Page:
NJ making it easier for retired officers to return to duty as COVID-19 numbers rise
More than 500 police officers statewide have tested positive for the coronavirus, prompting departments to hire special officers and train military police
NJ Advance Media Group
TRENTON — More than 500 New Jersey cops have tested positive for the coronavirus and thousands more are quarantined, prompting state leaders develop new ways for departments to cope with short staffing.
Statewide, 562 police officers have tested positive and another 2,941 are quarantined, according to Col. Patrick Callahan, acting Superintendent of the State Police. The number of COVID-19 cases within law enforcement was an increase from almost 400 a week ago, although the number of quarantined officers dipped slightly.
“They’re putting themselves in harm’s way, and they’re doing this at less than capacity,” Gov. Phil Murphy said Tuesday at his daily briefing in Trenton.
Callahan said 111 officers currently out of commission will be back to work within 48 hours.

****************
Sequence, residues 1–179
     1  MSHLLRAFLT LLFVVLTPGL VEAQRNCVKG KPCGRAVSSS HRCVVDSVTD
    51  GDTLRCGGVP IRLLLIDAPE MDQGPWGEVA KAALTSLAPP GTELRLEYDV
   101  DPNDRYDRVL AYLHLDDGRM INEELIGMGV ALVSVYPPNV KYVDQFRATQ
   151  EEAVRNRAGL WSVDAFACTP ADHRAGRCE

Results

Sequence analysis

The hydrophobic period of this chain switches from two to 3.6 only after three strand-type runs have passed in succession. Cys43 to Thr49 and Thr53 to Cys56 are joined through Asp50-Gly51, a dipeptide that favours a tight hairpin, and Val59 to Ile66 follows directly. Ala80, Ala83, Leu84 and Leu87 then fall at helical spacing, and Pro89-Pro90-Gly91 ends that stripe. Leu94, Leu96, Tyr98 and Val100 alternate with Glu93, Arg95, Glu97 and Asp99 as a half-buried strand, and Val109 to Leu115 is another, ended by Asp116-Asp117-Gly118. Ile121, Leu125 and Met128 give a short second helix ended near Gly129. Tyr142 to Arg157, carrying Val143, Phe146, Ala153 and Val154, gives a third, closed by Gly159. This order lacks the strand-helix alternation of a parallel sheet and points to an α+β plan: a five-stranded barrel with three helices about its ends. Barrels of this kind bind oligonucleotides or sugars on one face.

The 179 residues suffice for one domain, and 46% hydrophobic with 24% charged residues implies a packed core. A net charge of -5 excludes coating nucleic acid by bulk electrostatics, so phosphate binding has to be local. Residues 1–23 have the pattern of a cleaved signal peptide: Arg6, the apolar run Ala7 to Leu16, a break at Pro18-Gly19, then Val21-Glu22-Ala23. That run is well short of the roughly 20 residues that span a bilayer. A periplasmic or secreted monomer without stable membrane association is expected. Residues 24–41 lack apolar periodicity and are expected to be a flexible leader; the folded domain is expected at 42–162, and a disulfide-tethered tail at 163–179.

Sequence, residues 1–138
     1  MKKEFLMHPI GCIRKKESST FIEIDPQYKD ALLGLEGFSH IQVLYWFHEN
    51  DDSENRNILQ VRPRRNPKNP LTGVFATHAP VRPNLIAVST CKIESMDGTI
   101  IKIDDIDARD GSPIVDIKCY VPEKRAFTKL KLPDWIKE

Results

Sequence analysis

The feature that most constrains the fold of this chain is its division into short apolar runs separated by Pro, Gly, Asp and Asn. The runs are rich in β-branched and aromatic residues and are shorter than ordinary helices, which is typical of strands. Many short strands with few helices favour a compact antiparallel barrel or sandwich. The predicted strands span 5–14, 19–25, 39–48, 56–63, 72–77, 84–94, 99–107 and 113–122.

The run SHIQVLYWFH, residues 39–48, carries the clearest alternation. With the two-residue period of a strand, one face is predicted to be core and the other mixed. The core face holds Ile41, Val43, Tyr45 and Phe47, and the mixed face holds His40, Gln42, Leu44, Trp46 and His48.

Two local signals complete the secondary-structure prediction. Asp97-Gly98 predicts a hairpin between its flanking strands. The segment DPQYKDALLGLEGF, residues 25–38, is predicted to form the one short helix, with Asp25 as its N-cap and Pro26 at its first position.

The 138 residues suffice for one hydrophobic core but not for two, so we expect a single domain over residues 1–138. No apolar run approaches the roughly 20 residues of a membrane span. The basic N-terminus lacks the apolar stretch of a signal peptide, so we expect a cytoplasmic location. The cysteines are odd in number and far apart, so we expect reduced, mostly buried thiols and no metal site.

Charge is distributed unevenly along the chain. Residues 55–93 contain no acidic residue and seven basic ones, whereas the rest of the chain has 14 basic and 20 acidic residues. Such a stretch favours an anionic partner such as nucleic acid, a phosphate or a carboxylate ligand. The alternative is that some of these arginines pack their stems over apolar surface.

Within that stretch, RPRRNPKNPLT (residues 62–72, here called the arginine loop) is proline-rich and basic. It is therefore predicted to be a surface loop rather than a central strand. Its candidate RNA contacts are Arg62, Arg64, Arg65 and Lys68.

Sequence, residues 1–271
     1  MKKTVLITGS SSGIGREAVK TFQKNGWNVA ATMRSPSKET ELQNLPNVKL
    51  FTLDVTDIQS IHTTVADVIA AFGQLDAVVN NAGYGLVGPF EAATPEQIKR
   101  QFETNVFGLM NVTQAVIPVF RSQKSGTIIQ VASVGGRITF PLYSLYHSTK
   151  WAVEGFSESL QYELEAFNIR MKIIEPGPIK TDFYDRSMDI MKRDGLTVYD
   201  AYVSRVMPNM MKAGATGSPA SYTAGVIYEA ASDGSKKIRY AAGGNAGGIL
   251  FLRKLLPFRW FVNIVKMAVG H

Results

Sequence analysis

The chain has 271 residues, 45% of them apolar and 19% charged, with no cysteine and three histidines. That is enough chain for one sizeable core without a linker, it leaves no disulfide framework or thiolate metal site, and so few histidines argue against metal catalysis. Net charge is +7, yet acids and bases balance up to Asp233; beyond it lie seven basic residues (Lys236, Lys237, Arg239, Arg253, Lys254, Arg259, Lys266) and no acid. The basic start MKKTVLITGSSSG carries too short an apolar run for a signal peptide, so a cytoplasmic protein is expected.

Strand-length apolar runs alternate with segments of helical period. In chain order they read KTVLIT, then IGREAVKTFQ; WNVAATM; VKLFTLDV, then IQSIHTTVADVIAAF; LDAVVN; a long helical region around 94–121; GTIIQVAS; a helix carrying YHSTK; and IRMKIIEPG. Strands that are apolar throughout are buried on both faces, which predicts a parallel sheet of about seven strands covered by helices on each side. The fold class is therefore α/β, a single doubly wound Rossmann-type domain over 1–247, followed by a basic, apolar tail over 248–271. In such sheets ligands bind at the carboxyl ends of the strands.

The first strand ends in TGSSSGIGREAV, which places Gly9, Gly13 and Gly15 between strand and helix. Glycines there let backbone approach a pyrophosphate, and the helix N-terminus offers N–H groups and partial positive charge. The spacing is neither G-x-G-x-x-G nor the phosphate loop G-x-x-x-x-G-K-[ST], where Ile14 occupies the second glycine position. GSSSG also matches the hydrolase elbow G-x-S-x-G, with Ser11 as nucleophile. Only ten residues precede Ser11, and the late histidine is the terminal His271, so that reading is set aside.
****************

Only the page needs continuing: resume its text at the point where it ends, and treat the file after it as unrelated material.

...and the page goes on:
The numbers came a day after state Attorney General Gurbir Grewal advised departments about short staffing.
In a letter, Grewal reiterated that struggling agencies can both rely on other towns and hire “special officers,” which are sometimes retired cops stationed at schools.
He also said limits on how many special officers a town may hire, and how many hours they’re allowed to work don’t apply during the public health emergency. Towns may also expand a special officer’s duties more quickly, Grewal wrote, because the Police Training Commission was waiving some training requirements.
The commission had already granted 200 waivers, he said.
Retired officers who can’t resume patrol may still do administrative work, Grewal wrote, as can police recruits. Police training has largely stopped in the state.
A retiree’s pension won’t be affected, according to an executive order Murphy signed Monday, and new state hires will be immediately enrolled in the State Health Benefits Plan.
Grewal’s office also announced that it would train military police and National Guard security in case they were ever needed for law enforcement.
The pandemic was creating “a perfect storm when it comes to manpower,” Grewal said in a statement.
“Not since 9/11 or Superstorm Sandy have law enforcement across our state experienced such strain, and some of the steps we are outlining to address the manpower challenges mirror the steps we took after those events."
There are about 36,000 full-time police officers in New Jersey.